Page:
NEW YORK (TheStreet) -- Success is life on your own terms and Hollywood lawyer Jeff Cohen says his book, "The Dealmaker's Ten Commandments: Ten Essential Tools for Business Forged in the Trenches of Hollywood," is a methodology for figuring out what the terms are for yourself and then getting them.

"This is not necessarily a feel-good book," says Cohen, who started in the entertainment business as a child star in films like "The Goonies." "It's about how deals get made and it can be very dark stuff."

Dark indeed. In fact, Cohen based his book on Niccolo Machiavelli's textbook for grabbing and holding power, "The Prince." Cohen even tips his cap to Machiavelli in his first commandment: "It is better to be loved than feared."

"The dealmaker needs to create a situation where they are in control. Fear is something you can control. Love is something you cannot," says Cohen. "So it is better to create a system that you can control and that mechanism is fear."

Cohen says his experience as an entertainment lawyer is how his deal-making commandments came into existence. However, he says they are broad enough to be applicable for any businessperson.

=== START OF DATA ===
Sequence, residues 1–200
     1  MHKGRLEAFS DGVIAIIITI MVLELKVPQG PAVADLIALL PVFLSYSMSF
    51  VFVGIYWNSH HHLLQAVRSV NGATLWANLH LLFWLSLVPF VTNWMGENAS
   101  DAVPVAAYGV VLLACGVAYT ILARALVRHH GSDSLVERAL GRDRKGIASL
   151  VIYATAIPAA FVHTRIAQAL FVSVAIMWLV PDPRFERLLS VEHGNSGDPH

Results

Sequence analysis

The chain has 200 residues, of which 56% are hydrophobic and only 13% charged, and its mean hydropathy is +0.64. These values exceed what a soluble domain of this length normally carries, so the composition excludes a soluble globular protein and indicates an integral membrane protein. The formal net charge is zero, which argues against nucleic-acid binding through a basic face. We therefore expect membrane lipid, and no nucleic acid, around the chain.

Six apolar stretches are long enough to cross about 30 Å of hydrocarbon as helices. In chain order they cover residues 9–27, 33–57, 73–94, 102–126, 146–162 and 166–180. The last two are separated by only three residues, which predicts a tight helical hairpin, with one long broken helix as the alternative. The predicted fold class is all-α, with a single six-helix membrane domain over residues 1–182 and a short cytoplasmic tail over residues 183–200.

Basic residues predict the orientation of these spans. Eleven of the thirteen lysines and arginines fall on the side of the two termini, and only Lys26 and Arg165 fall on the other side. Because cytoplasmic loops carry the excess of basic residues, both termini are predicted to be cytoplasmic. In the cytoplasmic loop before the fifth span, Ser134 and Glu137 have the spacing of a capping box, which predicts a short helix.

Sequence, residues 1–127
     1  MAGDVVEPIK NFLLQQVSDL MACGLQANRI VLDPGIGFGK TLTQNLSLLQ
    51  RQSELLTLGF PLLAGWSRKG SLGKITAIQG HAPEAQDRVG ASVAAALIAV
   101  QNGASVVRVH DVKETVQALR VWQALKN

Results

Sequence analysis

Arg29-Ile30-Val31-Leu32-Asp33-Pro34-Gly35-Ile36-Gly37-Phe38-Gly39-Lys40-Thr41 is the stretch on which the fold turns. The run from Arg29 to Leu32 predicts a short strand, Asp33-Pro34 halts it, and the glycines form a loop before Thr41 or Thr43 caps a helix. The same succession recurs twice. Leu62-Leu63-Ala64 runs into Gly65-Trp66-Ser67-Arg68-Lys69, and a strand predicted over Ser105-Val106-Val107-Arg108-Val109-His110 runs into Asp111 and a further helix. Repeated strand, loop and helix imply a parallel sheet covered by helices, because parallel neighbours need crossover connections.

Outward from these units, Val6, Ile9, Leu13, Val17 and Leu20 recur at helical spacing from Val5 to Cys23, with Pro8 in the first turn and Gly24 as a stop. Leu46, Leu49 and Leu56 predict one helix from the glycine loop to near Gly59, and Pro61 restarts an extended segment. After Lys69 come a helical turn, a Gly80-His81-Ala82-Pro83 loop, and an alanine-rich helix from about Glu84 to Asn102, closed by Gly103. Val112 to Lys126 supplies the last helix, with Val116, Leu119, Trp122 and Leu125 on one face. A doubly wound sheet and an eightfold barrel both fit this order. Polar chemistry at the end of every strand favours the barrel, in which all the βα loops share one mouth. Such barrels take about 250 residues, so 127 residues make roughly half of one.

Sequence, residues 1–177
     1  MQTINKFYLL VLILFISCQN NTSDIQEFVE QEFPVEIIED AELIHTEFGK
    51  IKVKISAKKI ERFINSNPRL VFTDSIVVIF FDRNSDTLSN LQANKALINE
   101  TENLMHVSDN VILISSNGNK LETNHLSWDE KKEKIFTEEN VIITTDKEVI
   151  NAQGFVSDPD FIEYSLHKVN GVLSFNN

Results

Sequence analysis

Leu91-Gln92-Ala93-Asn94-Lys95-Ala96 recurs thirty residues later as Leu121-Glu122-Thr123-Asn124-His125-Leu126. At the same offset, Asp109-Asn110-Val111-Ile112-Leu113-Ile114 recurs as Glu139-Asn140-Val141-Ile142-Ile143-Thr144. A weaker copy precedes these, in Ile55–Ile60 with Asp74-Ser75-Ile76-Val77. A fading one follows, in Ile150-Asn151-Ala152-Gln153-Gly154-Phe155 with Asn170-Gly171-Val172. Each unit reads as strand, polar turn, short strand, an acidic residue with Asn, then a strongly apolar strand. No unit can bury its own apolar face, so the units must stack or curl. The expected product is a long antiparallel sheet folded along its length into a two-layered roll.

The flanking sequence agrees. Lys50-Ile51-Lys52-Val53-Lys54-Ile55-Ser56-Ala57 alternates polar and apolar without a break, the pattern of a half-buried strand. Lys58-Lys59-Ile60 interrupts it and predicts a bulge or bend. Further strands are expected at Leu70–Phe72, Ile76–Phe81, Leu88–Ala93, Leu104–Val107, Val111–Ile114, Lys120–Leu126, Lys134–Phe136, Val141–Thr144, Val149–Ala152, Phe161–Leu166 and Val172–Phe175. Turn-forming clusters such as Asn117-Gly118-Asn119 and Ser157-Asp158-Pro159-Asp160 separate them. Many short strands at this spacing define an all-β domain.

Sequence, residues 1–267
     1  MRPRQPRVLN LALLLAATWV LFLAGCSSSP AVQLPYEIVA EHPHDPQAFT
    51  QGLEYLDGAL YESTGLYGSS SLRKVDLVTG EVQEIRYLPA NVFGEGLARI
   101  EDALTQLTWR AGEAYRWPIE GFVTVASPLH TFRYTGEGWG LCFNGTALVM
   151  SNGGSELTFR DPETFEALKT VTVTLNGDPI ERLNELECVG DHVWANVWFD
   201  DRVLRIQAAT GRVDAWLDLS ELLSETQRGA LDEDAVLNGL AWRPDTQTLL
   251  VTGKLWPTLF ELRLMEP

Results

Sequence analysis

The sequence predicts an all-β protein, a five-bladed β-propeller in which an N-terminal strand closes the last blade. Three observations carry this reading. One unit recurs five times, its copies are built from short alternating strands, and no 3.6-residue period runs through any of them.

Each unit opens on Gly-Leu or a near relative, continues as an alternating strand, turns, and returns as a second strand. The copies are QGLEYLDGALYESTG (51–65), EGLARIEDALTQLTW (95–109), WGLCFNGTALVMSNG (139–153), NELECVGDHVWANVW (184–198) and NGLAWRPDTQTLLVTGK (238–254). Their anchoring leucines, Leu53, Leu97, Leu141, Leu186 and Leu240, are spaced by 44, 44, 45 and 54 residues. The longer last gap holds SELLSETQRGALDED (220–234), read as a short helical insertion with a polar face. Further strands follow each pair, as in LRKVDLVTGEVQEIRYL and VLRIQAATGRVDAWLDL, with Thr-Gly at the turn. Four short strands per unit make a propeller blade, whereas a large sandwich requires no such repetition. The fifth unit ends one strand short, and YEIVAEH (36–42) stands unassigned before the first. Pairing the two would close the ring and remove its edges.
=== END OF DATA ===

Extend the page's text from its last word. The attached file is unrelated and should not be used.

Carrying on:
For example, he says his fourth commandment, "Things are precisely as they seem," holds special significance on Wall Street because traders often feel frustrated that the price they see on their screen for their favorite stock is not as high as the one in their mind's eye.

"In a negotiation people are often afraid of being deceived by the other side when the real danger is deceiving yourself," says Cohen. "You need to shave away desire, anger and envy and analyze the facts alone."

And while he deals with big personalities and egos when inking deals in Hollywood, Cohen says ultimately a negotiation is a negotiation and "what's on that document ends up being the truth."

The most important tool of all in Cohen's commandments: Leverage.

"As long as I have the leverage I feel comfortable," says Cohen. "When you don't have it there is nothing you can do."

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